LINWOOD — City Council approved an ordinance Wednesday that would bring in the ACUA to handle trash cleanup and lay off three public works employees.
The vote, unanimous except for Council President Donna Taylor’s abstention, came after several members of the public — and the employees’ union president — took issue with the reasoning behind the move and the way it came about.
Councilman Darren Matik said the Atlantic County Utilities Authority's offer of trash pickup for $165,700 a year would save the city $1.2 million over five years. The deal would also include the purchase of the city's truck for $171,000.
The switch to the ACUA would also save 4 cents on the potential tax rate increase this year, Councilman Tim Tighe said, dropping it from an additional 9.9 cents to 5.9 cents per $100 of assessed property value. The budget has yet to be introduced. A 4-cent decrease would save $80 on the tax bill of the owner of a home assessed at $200,000.
The three employees have been offered interviews with the ACUA, but its president, Rick Dovey, said earlier this week that only one accepted.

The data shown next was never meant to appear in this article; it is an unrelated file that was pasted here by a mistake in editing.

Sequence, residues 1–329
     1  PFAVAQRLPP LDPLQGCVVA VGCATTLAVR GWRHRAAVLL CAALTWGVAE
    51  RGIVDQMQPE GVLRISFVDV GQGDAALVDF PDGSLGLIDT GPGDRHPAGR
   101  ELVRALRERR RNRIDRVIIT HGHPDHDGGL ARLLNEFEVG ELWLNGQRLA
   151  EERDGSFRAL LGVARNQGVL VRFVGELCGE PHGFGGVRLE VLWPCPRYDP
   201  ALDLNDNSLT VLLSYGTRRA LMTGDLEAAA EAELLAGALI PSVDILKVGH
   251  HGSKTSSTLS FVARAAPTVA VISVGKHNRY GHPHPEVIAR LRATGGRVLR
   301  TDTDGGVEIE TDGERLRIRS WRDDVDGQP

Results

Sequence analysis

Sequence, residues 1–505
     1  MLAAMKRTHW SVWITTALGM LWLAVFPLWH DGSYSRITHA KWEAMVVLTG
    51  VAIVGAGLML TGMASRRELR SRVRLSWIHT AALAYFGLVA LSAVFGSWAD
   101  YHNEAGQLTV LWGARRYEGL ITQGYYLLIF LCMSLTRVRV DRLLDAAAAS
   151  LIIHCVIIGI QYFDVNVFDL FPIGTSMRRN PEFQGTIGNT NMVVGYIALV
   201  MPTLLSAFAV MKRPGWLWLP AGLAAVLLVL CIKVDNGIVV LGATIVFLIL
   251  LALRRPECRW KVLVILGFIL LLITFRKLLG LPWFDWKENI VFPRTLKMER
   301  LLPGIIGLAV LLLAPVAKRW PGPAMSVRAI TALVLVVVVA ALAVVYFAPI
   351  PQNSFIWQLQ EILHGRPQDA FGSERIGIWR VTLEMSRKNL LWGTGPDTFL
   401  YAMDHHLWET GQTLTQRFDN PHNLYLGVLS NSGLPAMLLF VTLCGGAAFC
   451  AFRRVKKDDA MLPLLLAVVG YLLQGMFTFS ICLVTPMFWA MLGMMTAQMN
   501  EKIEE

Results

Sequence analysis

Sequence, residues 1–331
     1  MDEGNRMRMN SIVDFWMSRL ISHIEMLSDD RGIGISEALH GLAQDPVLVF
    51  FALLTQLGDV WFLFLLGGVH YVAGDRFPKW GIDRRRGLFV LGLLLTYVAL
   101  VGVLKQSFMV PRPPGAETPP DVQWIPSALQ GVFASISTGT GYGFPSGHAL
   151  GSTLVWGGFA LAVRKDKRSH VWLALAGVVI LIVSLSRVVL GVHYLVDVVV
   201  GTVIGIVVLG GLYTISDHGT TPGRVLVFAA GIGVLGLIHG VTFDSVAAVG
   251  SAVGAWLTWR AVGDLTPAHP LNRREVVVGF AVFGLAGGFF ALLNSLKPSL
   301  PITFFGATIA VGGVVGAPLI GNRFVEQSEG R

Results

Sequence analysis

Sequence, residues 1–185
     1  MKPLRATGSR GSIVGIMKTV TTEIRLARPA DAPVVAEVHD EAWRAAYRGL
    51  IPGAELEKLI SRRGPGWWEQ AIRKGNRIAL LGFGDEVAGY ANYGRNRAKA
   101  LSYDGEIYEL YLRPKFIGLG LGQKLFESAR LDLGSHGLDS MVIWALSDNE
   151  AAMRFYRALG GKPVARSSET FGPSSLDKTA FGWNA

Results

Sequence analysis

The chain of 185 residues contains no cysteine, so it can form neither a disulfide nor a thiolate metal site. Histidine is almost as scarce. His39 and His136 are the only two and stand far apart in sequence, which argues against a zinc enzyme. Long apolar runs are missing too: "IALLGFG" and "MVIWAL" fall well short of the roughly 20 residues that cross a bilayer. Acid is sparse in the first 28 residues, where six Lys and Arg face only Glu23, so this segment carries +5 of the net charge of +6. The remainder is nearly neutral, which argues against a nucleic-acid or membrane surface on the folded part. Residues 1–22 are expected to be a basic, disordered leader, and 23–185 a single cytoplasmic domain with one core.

“We believe it’s not only a great way to save money, but also be able to use some of the savings and spread them throughout the city, as our budget is very stringent,” Matik said.
Resident Wayne Dilks, who passed out a petition he said had more than 170 names, said that he didn’t believe Matik’s savings estimates.
“This is very wrong,” Dilks said. “I think this is a personalized thing for some people. This has been brought up before and it was always defeated.”
Henry Madamba, whose son had been a Public Works employee, asked “How do you put a measure on those guys out there doing all the work? … You say it saves four cents on the overall tax rate. We’ve got more than four cents invested in this town.”
Madamba also questioned whether ACUA crews would give as much care to trash pickup as those who work only in town.
“We moved here to be in a community, and when you take services out of a community, you remove that aspect of it,” added resident Dan Adams. “I believe these men are part of the community, whether they live here or not.”
Teamsters Local 331 President Marcus King, meanwhile, said that he had hoped for more openness in the process.
“If it were something you had to do, why is it we weren’t called to the table to say so?” King asked.
Councilman Todd Gordon said it was a sensitive issue — “believe me, I’ve heard it from within my own family,” he said — but concluded that “the numbers are clear on both sides, what (the current cost) is and what the savings are.”
“It isn’t something we did lightly by any means,” Tighe added, pointing to the 4-cent savings on the tax rate. “I grew up here, my children grew up here, and I’d like them to stay here. I’d like them to be able to afford to stay here.”
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